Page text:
Chris Beachum – Richard Linklater (“Boyhood”)
Boy, have I been wrong about this season for the directing race. At the Globes for example, I thought for certain Richard Linklater would win for writing and the more “visually stunning” directing accomplishment from Alejandro Gonzalez Inarritu would win for directing. That is still what I would seemingly expect at the Oscars, but my failures in predicting so far have me now convinced that Linklater will prevail there. He has been well-respected for a quarter-century, especially in the indie world, and this terrific back story about 12 years of working on this project is captivating.
Rob Licuria – Michael Keaton (“Birdman”)
I think Redmayne is extraordinary, BUT just because Redmayne won SAG (which I was predicting by the way), everybody has jumped on the bandwagon and kicked Keaton to second or even third. I’m skeptical that the SAG win has sealed the deal. Shoot me, but I have some niggling doubt.
(1) “Birdman” is strong. PGA was a huge seal of approval. If Innaritu wins at DGA next week, EVERYBODY will bump it up in key races. And Birdman is all about Keaton’s incredible balls-to-the-wall performance. Are people passionate about “Theory of Everything”? No.
(2) Keaton has the comeback story that people are gobbling up. He’s popular, likable, and it appears that people in the industry, his peers, are happy to see a journeyman, who was once a huge star back when he was Batman, now land such a juicy role in which he really really DELIVERS. He’s paid his dues and is OVERDUE for some hardware.
(3) Bradley Cooper to a lesser extent shakes this up a bit. He’ll pull some votes. Does this become a three-horse race? Does that mean any of these guys only needs a smaller pool of votes to win?
For now, I’m sticking with Keaton to pull off a major surprise over the up-and-comer and much younger Redmayne.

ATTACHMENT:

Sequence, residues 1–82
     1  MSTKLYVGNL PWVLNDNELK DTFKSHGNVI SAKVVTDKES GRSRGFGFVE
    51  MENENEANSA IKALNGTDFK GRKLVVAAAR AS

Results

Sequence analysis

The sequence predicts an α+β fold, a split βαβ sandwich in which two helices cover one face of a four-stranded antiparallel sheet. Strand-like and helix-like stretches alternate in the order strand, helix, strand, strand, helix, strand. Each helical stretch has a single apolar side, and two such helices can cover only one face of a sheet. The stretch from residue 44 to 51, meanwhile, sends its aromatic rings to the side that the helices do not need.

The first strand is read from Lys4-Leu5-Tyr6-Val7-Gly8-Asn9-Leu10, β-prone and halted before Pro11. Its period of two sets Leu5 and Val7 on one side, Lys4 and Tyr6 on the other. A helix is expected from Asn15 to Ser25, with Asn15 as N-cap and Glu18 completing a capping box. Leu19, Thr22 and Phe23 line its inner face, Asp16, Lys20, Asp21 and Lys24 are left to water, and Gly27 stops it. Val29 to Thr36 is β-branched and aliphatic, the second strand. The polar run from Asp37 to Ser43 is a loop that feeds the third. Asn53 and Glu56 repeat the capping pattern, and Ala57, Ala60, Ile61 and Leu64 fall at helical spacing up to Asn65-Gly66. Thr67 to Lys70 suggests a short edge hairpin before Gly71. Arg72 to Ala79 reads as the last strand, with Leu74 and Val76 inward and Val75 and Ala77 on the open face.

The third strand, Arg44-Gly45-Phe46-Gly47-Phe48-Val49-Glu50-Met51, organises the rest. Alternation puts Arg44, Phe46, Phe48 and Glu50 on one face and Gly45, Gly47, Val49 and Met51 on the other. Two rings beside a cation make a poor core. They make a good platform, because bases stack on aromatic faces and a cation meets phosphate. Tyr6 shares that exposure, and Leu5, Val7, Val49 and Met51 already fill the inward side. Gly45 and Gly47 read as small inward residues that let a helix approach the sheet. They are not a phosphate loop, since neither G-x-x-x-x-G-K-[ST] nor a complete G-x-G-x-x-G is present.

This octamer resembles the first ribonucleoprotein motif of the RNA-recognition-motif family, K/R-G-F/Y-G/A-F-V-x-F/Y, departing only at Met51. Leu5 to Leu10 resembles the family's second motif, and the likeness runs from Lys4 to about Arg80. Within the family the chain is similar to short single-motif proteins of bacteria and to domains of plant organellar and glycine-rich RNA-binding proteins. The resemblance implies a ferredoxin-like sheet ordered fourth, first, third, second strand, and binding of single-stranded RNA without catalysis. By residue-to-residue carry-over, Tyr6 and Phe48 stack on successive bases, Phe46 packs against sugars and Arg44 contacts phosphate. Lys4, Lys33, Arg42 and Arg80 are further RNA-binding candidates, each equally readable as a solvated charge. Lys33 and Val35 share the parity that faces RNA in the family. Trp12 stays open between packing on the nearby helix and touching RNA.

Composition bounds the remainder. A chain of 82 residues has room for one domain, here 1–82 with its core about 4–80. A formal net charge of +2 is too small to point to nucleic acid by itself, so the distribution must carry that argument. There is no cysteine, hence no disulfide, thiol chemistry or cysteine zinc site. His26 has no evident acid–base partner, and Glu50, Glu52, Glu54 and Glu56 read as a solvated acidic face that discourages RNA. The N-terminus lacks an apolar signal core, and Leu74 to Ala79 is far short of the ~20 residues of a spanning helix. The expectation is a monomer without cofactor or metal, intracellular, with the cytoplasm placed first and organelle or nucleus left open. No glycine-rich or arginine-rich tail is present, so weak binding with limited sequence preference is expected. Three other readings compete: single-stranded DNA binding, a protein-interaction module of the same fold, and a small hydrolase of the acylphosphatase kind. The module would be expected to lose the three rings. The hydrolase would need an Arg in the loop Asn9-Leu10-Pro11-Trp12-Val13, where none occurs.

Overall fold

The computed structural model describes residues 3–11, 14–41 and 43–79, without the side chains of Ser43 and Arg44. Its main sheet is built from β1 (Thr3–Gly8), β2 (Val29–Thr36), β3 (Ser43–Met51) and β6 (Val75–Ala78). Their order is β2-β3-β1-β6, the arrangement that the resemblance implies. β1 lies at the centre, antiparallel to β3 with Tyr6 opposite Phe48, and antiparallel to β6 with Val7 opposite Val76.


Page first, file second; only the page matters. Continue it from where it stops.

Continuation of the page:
Daniel Montgomery – Eddie Redmayne (“The Theory of Everything”)
PGA hasn’t convinced me to abandon “Boyhood” as the Oscar frontrunner just yet, but after SAG, I immediately switched to Eddie Redmayne – rather, switched back to Redmayne. I had been predicting Redmayne for months until the Golden Globes and Critics’ Choice made it look like Michael Keaton would be the contender the industry would most want to hug, as a celebration of his career resurgence. That’s similar to how last year’s McConaissance helped Matthew McConaughey win for “Dallas Buyers Club.”
But SAG chose Redmayne. Not only has SAG correctly predicted Best Actor for the last 10 years in a row, it showed that the industry isn’t necessarily all that impressed by Keaton’s off-screen narrative. They might care more about Redmayne’s transformative performance, which was practically custom-designed for awards.
Chris Beachum – Eddie Redmayne (“The Theory of Everything”)
I had Eddie Redmayne winning for months, but the Critics Choice Award going to Michael Keaton changed my mind. Keaton should have easily prevailed at SAG (playing a desperate actor), with Redmayne most likely winning at BAFTA. That’s what many of us thought would happen.
Even though Redmayne is young, especially in the Best Actor race, his role is perfectly made for an Oscar win: true life role, period piece, struggling through a disease, physical challenges, Best Picture nominee. Under other circumstances, I would have never wavered on picking him. But Keaton is a very interesting case as well, but I must fault some of his campaign choices not to revel in the similarities with his own career. It could still go either way, but only if Keaton can pull off a shocker at BAFTA next Sunday.